Congenital ichthyosis is a skin condition in which the outer layer of the skin does not form properly and results in scaling. The condition often progresses to large patches of thickened, black, scaly skin.
Phenotype: A skin condition that results in a mild to moderate and in some cases severe scaling of the skin, usually excluding the head, extremities, paw pads, and nose. Scales become pigmented, progressing to gray or black, and range in size from small to large. These scales may give the dog’s hair and skin a “dirty” look as the scales progress to a darker color.
Mode of Inheritance:Autosomal recessive
Alleles:N = Normal, Ich = congenital ichthyosis variant
Breeds appropriate for testing: Golden Retriever and Golden Retriever crosses
Explanation of Results:
Dogs with N/N genotype do not have the variant associated with ichthyosis found in Golden Retrievers.
Dogs with N/Ich genotype are carriers of the ichthyosis variant found in Golden Retrievers, but will not develop ichthyosis. If two carriers are mated, approximately 25% of the puppies are predicted to develop disease and 50% are predicted to be carriers.
Dogs with Ich/Ich genotype are homozygous for the ichthyosis variant found in Golden Retrievers and are expected to develop ichthyosis, although the presentation may be variable.
Ichthyoses are a group of genetic skin disorders characterized by defects in the formation of the stratum corneum (the outer layer of the epidermis) that result in scaling of the skin and desquamation (shedding of the outer layer of the skin, or more colloquially, skin peeling). In the Golden Retriever, symptoms of a breed-specific ichthyosis include mild to moderate and in some cases severe generalized scaling on the body, usually excluding the head, extremities, paw pads, and nose. The scales are initially a whitish color but become pigmented, progressing to gray or black, and they range in size from small to large. These scales may give the dog’s hair and skin a “dirty” look, especially as the pigmented scales shed and adhere to the coat. Age of onset is generally early: clinical signs have been detected as early as 3-6 weeks of age in some dogs, although in others, the signs may not become readily apparent until months or even years later. Early symptoms of the disease may go unnoticed by owners due in part to their subtly and the less severe symptoms noted in the Golden Retriever when compared to other dog breeds.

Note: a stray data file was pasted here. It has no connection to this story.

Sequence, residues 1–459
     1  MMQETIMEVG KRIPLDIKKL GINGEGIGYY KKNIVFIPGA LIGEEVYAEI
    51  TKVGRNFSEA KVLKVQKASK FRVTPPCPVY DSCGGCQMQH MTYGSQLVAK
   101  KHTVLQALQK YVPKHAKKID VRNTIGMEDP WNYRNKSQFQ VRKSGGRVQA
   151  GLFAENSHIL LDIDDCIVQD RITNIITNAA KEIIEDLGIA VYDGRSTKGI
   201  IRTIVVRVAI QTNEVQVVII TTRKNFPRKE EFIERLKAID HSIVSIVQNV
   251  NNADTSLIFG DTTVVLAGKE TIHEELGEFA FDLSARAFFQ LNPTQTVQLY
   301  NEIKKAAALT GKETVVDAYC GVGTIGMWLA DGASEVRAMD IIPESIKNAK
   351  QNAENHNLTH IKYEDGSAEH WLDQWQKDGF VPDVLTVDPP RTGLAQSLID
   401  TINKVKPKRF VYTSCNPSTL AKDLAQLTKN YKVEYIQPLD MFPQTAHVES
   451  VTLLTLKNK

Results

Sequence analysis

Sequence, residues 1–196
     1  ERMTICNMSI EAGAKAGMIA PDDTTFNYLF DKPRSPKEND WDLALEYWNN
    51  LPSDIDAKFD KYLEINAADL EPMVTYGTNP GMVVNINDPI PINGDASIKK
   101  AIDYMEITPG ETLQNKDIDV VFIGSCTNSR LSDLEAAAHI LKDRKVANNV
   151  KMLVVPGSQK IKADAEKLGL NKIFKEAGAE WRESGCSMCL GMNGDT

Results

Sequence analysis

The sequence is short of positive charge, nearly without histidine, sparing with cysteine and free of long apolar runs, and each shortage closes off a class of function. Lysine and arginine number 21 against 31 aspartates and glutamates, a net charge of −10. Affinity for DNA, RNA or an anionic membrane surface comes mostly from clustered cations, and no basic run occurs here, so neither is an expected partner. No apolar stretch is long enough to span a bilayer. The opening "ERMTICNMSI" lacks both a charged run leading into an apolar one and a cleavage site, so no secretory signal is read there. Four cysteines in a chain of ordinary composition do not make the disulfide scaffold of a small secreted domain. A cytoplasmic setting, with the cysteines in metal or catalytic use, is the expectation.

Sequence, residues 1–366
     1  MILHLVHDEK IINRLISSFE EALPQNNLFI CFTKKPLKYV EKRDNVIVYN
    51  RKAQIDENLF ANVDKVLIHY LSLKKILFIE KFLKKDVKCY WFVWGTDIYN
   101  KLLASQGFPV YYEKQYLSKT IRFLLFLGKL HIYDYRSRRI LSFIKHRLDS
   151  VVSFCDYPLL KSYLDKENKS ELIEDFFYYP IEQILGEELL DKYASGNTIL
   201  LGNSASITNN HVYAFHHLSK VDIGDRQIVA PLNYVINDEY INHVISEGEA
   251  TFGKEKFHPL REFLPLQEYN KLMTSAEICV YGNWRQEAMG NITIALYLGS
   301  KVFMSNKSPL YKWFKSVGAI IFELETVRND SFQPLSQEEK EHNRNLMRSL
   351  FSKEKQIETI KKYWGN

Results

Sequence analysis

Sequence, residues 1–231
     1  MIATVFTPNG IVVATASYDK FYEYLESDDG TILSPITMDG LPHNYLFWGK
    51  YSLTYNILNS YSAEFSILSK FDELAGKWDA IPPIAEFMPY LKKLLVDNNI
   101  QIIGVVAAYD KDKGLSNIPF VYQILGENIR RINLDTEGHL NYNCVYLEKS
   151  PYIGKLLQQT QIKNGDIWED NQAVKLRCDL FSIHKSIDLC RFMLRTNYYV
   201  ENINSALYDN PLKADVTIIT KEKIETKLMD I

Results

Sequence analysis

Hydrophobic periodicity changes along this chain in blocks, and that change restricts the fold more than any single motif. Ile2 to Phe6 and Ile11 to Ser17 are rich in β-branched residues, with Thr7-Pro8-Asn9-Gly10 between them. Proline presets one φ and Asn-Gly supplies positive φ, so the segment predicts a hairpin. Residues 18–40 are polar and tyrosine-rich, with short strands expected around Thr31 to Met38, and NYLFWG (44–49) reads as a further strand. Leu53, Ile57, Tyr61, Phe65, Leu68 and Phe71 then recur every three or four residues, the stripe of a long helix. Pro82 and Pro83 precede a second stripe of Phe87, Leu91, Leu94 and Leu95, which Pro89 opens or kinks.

In humans, over 30 different genes that result in various ichthyoses have been identified. In dogs, at least 12 different breed-specific types of ichthyosis have been described, but genetic mechanisms have only been identified in a few breeds. An insertion-deletion variant (often referred to as an indel) in the patatin-like phospholipase domain-containing protein 1 (PNPLA1) gene was identified as perfectly correlated with the congenital ichthyosis disease in Golden Retrievers. In total, 360 Golden Retrievers were evaluated in the initial study and this variant was perfectly concordant with disease status, providing evidence that this variant is responsible for disease. Additionally, this variant was absent in 300 healthy dogs from 25 other breeds.
It is predicted that this variant (also denoted as c.1445_1447delinsTACTACTA) causes a frameshift in the protein product which would produce a premature stop codon (p.N482Ifs*11) and thus the altered protein product is predicted to be shorter than the normal product. Though the exact consequences of this protein truncation are currently unknown, it is hypothesized that this defective PNPLA1 protein causes lipid defects and does not allow the proper formation of keratinocytes (the cells in the epidermis that produce keratin) in the outermost layer of skin.
Congenital ichthyosis in the Golden Retriever is inherited in an autosomal recessive fashion. Two copies of the variant must be present for the disease to manifest, and both sexes are equally affected.
In the initial study that identified the causal genetic variant, researchers reported the variant occurred at high frequency in the breed (50%). Testing for this variant can assist veterinarians with diagnosis and helps breeders identify carriers among breeding stock to select appropriate mates that will reduce the risk of producing affected offspring. To avoid the possibility of producing affected puppies, matings between known carriers is not recommended. However, with the reportedly high frequency, it is advisable to select away from this mutation over several generations to assist in maintaining diversity. Dogs who genotype Ich/Ich should be clinically evaluated.
Note: This test is specific for the autosomal recessive PNPLA1 variant present in the Golden Retriever. This assay does not detect the ichthyoses variants in other breeds.
Normal. Dog does not have the variant associated with congenital ichthyosis found in Golden Retrievers.
Carrier. Dog has one copy of the variant associated with congenital ichthyosis found in Golden Retrievers.
Affected. Dog has two copies of the variant associated with ichthyosis found in Golden Retrievers and will likely develop the disease.
Grall, A., Guaguère, E., Planchais, S., Grond, S., Bourrat, E., Hausser, I., Hitte, C., Le Gallo, M., Derbois, C., Kim, G.J., Lagoutte, L., Degorce-Rubiales, F., Radner, F.P., Thomas, A., Küry, S., Bensignor, E., Fontaine, J., Pin, D., Zimmermann, R., Zechner, R., Lathrop, M., Galibert, F., André, C., & Fischer, J. (2012). PNPLA1 mutations cause autosomal recessive congenital ichthyosis in golden retriever dogs and humans. Nature Genetics, 44(2), 140-147. doi: 10.1038/ng.1056